AMARILLO, Texas — Xcel Energy on Thursday announced it will seek “an overall 6.5 percent increase in annual revenues” with a rate increase across 80 West Texas towns.
If approved, the rate hike would recover nearly $1.7 billion for recent improvements.
Xcel recently announced a rate reduction for lower fuel costs. The fuel cost is tracked separately from the base rate.
“If new rates proposed today are put into effect, residential customers using 1,000 kilowatt-hours per month could see an increase of $14.99, or 13.9 percent more per month,” Xcel said in a written statement.
Xcel also said, “The primary driver in the proposed increase is the large investment in new transmission lines and substations across the system that are making the grid more reliable and better capable of moving large amounts of electricity to the industries that are creating jobs across the region.”
The following is a statement from Xcel Energy:
Xcel Energy files rate review with Texas regulators
More wind energy and significant investment in grid capabilities are key cost drivers
AMARILLO, Texas (Aug. 8, 2019) – Fuel cost savings will more than offset the annual cost of Xcel Energy’s investment in the new Hale Wind Project, but continued upgrades to the region’s electric transmission and distribution systems will lead to higher rates for Xcel Energy’s Texas customers in 2020.
These investments in the region’s electricity grid are detailed in a rate review filed today in which the company seeks an overall 6.5 percent increase in annual revenues to recover close to $1.7 billion invested in the regional grid since mid-2017. The proposal will be reviewed over the coming months by the Public Utility Commission of Texas and the 80 towns and cities Xcel Energy serves in Texas, as well as by groups representing various classes of customers, before any rate changes are made.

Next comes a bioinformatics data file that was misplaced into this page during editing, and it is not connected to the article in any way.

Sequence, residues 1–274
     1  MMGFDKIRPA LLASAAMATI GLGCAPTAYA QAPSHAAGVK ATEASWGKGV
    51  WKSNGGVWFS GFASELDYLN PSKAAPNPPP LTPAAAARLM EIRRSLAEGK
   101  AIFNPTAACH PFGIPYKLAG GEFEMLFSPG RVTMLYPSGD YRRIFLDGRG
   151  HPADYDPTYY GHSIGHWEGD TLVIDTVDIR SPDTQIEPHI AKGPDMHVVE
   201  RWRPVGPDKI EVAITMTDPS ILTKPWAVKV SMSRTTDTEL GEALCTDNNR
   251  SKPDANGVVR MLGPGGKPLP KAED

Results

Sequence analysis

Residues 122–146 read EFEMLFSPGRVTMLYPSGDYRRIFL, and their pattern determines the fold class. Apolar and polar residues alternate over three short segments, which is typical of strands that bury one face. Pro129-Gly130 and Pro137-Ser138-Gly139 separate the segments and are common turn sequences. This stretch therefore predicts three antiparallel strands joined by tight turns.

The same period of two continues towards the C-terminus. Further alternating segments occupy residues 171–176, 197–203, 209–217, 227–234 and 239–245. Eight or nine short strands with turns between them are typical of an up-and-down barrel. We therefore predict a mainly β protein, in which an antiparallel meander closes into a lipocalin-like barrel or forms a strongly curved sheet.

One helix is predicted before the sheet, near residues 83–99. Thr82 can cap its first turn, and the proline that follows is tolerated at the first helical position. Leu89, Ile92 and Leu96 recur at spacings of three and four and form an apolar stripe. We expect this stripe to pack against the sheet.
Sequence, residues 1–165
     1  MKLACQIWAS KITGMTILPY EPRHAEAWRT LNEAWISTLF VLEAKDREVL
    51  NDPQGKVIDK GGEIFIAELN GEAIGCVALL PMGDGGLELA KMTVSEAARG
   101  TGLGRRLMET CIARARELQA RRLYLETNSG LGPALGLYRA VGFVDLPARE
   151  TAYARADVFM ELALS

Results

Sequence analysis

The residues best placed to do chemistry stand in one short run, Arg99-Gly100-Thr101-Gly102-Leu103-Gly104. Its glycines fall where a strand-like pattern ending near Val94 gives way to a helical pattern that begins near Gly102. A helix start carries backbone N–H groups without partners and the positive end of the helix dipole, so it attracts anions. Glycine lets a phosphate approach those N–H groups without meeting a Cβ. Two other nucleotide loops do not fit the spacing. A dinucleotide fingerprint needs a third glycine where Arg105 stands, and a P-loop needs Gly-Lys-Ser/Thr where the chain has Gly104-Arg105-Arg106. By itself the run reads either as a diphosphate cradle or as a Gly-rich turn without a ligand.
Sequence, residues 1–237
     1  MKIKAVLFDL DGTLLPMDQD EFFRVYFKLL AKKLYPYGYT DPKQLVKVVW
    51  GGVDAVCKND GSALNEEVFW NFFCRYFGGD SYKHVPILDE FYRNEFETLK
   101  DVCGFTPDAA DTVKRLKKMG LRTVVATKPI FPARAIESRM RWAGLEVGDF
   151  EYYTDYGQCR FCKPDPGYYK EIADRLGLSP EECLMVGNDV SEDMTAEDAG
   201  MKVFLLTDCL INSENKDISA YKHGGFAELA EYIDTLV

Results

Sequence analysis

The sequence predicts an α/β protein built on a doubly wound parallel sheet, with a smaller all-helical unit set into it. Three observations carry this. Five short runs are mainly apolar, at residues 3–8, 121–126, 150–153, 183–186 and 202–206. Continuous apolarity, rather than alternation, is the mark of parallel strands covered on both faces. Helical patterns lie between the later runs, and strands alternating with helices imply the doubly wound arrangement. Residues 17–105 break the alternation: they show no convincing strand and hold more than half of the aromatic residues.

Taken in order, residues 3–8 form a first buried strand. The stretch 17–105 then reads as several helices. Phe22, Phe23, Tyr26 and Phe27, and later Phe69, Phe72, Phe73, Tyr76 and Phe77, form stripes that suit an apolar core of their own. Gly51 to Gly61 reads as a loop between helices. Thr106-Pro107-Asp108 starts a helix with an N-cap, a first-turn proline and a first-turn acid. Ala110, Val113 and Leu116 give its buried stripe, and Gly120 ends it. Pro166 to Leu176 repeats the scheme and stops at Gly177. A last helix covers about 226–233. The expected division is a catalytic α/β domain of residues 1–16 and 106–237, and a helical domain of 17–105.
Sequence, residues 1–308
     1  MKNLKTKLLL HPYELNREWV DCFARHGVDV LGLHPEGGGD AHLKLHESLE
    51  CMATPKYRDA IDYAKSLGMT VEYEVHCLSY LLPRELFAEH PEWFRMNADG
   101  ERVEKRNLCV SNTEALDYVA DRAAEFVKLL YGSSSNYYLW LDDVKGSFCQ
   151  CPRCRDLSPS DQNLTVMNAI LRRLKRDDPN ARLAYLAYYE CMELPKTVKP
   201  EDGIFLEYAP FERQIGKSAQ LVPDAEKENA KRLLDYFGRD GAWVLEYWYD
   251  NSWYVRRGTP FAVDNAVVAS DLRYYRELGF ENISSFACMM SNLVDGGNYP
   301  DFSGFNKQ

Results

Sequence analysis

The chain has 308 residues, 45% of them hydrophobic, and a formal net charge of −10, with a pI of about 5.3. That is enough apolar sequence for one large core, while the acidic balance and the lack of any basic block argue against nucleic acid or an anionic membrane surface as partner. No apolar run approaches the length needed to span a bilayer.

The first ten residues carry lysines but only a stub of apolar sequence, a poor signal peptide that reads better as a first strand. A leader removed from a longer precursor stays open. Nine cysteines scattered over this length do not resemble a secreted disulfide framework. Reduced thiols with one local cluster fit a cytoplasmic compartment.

“We’ve made significant investments in system reliability and new generation facilities that deliver clean, affordable energy,” said David Hudson, president, Xcel Energy – Texas. “These investments build in longterm savings that will keep increases close to the rate of inflation over the long term.”
Historically low costs for natural gas that fuels close to half the region’s electricity supply, along with a significant increase in the amount of affordable wind energy on the system, have caused Xcel Energy’s average residential bills to drop by 5 percent just in the past month alone. These savings are helping to offset higher costs for grid upgrades. If new rates proposed today are put into effect, residential customers using 1,000 kilowatt-hours per month could see an increase of $14.99, or 13.9 percent more per month. But compared with prices from the latter part of 2018 when fuel costs were higher, the proposed increase is closer to 9 percent.
When other customer classes such as commercial and industrial are combined, the proposed new rates would be less than 1 percent more than overall rates in 2017.
“We work hard to keep our customers’ bills low. A look back on average rates across the board shows that Texas customers on the whole will be paying close to what they paid in 2017 while benefiting from a more reliable power grid that is able to serve more customers than ever before,” Hudson said.
Texas customers should continue benefiting from lower fuel costs as more wind energy resources are added, since the fuel for wind generators is free for the taking. In June, Xcel Energy added enough new wind energy to power 184,000 typical homes with the completion of the 478-megawatt Hale Wind Project near Plainview, Texas. Hale Wind accounts for about 41 percent of the total $1.7 billion the company has invested in the region’s electrical system since 2017, but the fuel cost savings from Hale are more than offsetting the amount of new revenue necessary to recover the investment.
The primary driver in the proposed increase is the large investment in new transmission lines and substations across the system that are making the grid more reliable and better capable of moving large amounts of electricity to the industries that are creating jobs across the region. The company has also invested heavily in upgrades to local distribution systems to relieve overloading on lines and substations, notably in Lipscomb County, Dumas, Pampa, Hereford, Amarillo and Canyon in the Texas Panhandle and Plainview, Wolfforth and Wilson on the South Plains, among others.
“Investing in clean energy and improving the regional grid is much like purchasing fuel-efficient cars or a new energy-efficient air conditioner at home,” Hudson said. “These investments will result in considerable gains from energy savings over time. This will help us stabilize rates by keeping future price increases within the range of inflation even as we significantly boost the capabilities of our system to meet the needs of a growing economy.”